Jezza still has a long way to go...

Corbyn a day after the 8th June 2017 general election Jeremy Corbyn has exceeded many people's expectations. He wrote off every commentator who predicted a dramatic defeat for the Labour Party he led in the general election last month. Since then, his fame has risen beyond his wildest dreams with praise aimed at his positive campaigning and the empathetic handling of the recent attack in Manchester and the tragedy at Grenfell Tower. And who can forget his performance at Glastonbury, worthy of a Grammy nomination? Because of all this, Labour now leads the Conservatives in some polls, should there be an election right now. That said, I feel Corbyn-fever must be contained. 'Our Jezza' has a long way to go to convince the majority of the public that he is the right man to lead a government and the country. It is really difficult to clearly view his chances of walking into 10 Downing Street with a mandate simply because of the current Prime Minister, Theresa May'

Safety first to prevent another Grenfell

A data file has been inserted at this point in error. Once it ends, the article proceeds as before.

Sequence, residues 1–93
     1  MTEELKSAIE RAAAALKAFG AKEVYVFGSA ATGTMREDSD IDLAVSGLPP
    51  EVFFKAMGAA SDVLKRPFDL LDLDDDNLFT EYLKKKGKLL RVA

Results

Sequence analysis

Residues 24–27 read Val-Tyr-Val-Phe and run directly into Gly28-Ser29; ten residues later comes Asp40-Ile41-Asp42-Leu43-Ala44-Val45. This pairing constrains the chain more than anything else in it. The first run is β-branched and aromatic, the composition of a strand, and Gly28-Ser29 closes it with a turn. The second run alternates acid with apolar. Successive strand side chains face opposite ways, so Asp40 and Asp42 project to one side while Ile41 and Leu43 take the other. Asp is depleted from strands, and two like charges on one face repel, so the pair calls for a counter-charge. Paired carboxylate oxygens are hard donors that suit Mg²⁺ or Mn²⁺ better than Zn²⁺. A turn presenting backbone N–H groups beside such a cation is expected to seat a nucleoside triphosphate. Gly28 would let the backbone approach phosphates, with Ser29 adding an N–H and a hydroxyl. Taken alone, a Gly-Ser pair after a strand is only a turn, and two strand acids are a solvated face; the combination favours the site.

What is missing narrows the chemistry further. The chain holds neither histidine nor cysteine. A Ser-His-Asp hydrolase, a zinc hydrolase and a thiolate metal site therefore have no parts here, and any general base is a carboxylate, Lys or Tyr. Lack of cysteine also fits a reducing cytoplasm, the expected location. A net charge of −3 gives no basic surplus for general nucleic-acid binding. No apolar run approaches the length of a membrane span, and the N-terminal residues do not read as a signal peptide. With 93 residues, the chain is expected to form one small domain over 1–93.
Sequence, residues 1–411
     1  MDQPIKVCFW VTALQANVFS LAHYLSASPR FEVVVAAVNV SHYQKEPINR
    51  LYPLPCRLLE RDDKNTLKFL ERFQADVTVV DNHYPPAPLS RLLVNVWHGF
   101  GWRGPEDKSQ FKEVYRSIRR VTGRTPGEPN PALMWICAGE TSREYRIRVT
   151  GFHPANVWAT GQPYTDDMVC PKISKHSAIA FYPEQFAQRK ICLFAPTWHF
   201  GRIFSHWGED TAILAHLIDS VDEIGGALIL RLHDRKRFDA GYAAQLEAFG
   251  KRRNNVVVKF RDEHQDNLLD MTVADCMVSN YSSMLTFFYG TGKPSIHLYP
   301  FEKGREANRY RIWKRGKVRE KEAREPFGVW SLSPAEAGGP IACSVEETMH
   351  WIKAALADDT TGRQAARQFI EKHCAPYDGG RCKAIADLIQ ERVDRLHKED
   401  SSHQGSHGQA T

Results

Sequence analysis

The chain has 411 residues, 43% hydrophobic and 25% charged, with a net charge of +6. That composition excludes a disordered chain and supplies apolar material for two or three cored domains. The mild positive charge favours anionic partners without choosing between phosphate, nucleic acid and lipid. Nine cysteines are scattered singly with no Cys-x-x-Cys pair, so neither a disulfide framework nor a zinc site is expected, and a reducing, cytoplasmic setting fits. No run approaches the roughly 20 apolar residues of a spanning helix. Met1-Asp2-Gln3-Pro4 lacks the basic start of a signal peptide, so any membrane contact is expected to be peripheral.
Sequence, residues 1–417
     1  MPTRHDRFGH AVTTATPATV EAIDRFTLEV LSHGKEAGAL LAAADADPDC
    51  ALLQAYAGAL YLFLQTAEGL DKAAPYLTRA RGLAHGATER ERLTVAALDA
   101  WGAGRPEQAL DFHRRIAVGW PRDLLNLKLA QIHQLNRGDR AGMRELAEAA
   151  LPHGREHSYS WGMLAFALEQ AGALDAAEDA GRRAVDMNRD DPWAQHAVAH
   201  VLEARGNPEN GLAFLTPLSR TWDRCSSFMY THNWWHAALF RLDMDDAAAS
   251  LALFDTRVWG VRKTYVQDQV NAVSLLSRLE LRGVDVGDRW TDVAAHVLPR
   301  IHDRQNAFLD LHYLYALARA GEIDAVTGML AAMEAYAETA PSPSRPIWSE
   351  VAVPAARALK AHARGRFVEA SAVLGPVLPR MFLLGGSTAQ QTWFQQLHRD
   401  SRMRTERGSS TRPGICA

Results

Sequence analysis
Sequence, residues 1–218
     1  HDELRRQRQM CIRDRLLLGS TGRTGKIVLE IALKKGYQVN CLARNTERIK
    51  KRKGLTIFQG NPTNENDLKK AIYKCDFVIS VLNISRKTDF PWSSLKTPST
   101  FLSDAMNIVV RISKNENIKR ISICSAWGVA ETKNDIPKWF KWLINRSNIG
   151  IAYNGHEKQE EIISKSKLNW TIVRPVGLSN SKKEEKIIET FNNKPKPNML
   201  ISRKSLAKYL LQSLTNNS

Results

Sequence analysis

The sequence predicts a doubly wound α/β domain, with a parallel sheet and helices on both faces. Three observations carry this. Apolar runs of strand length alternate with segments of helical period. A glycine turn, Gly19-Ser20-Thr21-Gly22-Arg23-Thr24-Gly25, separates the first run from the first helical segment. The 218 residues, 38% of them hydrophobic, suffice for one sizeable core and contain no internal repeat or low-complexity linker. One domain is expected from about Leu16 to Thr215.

Grenfell Tower after blaze (Image: BBC) For those reading from abroad and unfamiliar with the UK's housing policy, the country is enduring a 'crisis'. To be honest, this has been branded about by media commentators, politicians and property experts for decades. Those living abroad may have been oblivious to this in the past, they were surely given a taster to the problem UK's housing industry is facing after the events surrounding Grenfell Tower. On Wednesday 14th June, Grenfell Tower, located in north Kensington, west London became the central focus in the global news agenda after the block of apartments was set ablaze. It happened very early in the day - shortly before 1am, when many of the residents were asleep. But the time between the fires starting on the fourth floor to its spread to the top of the building was too quick for people to react and escape. This tragedy, as I write this, hasn't a final death toll but regardless of its number, it's b